U.S. mulls ban on SMIC, China's largest chipmaker

U.S. mulls ban on SMIC, China's largest chipmaker

According to the USA government, the companies in question pose security risks to users due to their proximity to the Chinese government, which U.S. intelligence alleges can force the firms to turn over user data or use them to spy on users in other ways.

The top Chinese manufacturer of semiconductors is denying a connection to the Chinese military amid reports the US may slap it with export controls.

United States regulators are considering adding Semiconductor Manufacturing International Corp. Imposing export restrictions on SMIC will affect USA companies that sell chip-making technology to Chinese manufacturers.

"We have no relationship with the Chinese military", the company said in its official WeChat account, "Any assumptions of the Company's ties with the Chinese military are untrue statements and false accusations".

"The Department of Defense is now working between agencies to evaluate the information available to determine whether SMIC's action should be added to the Department's list of legal entities".

The company said it is "open to honest and transparent communication" with Washington to resolve "potential misunderstandings".

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Prime Minister Scott Morrison said that Australians could be some of the first in the world to receive the vaccines. Morrison has stressed Australia wants to help Pacific countries and other regional neighbours get early access.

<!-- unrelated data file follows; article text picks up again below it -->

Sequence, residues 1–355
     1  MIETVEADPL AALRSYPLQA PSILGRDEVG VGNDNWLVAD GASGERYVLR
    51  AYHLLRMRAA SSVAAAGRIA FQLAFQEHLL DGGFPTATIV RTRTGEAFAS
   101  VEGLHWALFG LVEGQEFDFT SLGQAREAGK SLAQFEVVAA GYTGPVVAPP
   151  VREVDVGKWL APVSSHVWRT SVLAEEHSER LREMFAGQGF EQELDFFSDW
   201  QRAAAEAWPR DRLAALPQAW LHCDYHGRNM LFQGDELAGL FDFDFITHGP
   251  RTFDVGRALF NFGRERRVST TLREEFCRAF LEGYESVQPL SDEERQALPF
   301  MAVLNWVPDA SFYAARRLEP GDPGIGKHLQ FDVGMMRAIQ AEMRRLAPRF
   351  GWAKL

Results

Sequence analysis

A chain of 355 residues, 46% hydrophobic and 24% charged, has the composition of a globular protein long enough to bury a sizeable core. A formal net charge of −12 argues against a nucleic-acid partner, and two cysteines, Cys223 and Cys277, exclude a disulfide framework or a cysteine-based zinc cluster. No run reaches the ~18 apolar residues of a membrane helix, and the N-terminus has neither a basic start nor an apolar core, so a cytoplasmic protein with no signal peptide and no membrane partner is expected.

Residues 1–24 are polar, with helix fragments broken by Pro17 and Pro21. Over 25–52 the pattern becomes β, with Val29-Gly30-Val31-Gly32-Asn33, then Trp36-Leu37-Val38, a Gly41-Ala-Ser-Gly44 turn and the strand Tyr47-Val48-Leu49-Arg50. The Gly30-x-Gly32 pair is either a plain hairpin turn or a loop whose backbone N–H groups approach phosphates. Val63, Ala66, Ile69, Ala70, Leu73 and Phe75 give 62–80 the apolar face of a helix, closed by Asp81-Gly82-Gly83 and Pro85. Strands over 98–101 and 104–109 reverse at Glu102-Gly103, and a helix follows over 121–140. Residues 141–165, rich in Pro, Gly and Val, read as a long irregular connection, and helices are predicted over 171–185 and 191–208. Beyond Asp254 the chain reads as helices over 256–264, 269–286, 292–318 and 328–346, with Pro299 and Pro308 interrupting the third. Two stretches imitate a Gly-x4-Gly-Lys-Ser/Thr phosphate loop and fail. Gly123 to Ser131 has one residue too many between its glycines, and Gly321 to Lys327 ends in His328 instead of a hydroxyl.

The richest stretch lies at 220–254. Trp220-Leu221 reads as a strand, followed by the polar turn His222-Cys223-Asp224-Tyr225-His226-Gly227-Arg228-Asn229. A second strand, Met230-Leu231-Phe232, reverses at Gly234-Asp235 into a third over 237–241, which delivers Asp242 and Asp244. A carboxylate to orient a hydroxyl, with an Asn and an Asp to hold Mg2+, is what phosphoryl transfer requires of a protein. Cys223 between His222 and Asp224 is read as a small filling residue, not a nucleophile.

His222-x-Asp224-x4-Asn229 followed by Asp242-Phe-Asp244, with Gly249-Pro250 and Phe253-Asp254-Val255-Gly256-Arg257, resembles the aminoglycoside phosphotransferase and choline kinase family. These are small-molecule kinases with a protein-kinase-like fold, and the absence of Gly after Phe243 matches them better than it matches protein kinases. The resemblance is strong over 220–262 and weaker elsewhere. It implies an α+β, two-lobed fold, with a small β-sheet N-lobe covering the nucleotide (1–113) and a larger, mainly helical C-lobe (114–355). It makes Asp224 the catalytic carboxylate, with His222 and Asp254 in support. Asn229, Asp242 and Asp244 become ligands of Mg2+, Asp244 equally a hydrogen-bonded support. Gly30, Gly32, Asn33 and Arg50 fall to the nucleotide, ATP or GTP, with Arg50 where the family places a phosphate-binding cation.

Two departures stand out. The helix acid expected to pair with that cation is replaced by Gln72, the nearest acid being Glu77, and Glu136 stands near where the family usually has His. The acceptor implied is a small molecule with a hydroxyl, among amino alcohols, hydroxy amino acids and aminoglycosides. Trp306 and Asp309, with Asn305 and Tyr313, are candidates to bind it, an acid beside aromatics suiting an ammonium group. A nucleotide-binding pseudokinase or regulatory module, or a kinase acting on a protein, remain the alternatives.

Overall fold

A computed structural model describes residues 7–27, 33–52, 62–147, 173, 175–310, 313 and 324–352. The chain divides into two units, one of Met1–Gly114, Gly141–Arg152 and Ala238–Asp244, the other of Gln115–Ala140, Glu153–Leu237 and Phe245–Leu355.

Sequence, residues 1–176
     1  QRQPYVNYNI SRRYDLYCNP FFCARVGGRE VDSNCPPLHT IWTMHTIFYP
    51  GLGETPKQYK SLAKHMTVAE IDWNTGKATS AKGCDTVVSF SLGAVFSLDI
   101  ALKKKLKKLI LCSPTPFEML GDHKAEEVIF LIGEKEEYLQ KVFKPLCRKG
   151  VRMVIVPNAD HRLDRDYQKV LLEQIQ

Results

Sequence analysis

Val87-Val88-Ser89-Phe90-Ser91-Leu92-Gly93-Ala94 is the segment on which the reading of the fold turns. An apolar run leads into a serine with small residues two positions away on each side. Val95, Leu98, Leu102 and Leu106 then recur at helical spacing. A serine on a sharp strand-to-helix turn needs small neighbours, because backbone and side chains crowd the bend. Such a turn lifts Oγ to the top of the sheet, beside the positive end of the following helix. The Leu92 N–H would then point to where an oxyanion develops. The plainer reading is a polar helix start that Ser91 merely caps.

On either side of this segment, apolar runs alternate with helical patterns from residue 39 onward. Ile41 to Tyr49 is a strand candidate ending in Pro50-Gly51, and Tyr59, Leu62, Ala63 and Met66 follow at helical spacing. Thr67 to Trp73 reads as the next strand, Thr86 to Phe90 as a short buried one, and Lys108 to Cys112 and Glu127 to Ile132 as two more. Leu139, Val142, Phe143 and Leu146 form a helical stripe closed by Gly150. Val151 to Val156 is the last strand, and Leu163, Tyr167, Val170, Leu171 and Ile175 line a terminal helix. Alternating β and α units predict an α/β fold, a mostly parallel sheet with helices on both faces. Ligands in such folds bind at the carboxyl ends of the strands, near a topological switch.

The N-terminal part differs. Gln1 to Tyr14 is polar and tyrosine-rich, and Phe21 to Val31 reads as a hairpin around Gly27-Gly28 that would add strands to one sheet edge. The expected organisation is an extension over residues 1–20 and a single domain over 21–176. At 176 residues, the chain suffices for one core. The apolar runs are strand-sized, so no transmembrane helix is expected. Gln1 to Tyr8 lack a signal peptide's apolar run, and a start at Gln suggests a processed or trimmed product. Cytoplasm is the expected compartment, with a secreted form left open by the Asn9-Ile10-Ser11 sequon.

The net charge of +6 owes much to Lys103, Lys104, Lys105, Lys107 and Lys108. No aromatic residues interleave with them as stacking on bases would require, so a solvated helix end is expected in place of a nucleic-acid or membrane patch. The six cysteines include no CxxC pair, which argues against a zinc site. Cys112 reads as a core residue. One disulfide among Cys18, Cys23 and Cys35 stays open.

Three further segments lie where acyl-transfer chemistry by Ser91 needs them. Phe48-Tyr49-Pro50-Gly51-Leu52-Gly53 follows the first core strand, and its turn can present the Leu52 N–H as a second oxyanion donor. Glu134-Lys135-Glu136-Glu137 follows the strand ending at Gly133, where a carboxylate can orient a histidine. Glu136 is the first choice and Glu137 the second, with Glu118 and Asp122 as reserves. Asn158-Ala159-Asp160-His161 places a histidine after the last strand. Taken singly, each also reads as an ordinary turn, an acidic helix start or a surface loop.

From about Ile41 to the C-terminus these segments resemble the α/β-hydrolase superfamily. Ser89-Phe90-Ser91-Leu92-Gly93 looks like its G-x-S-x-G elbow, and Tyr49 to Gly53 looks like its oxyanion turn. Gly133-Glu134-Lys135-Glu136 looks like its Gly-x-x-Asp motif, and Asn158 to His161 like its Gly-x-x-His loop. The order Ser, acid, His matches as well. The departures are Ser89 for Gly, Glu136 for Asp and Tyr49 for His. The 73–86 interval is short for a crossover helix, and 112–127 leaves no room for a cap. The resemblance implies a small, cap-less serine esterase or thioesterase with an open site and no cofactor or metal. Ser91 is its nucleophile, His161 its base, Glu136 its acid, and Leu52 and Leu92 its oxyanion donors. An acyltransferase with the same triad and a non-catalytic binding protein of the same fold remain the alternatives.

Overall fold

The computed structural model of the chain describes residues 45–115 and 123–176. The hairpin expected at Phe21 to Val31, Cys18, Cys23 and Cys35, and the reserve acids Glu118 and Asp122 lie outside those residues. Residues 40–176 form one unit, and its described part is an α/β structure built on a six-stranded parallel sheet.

That could dash what some view as China's best hope to develop a self-sufficient semiconductor industry via SMIC and further escalate the Sino-U.S. spat that involves trade and technology, analysts said.

The US-Chinese tariff war that erupted in 2018 was sparked in part by Washington's complaints about Beijing's technology ambitions. That comes amid tension over control of the South China Sea and other territorial disputes.

Chines tech companies on the Entity List include Huawei, ZTE and China Electronics Technology Group Corp (CETC). That threatens to cripple Huawei's business.

The Defense Department has released two lists of Chinese companies in the past few months that it claims are owned or controlled by the People's Liberation Army.

Chinese companies, including Huawei, are developing their own processor chips and other technology, but factories that produce them require United States manufacturing technology for which there are few alternatives, the Washington Post said.

SMIC said it previously was granted "validated end-user status" by the agency that would impose the export controls. This status gives Chinese companies freedom to export USA tech without securing a license for each new shipment, according to the AP.

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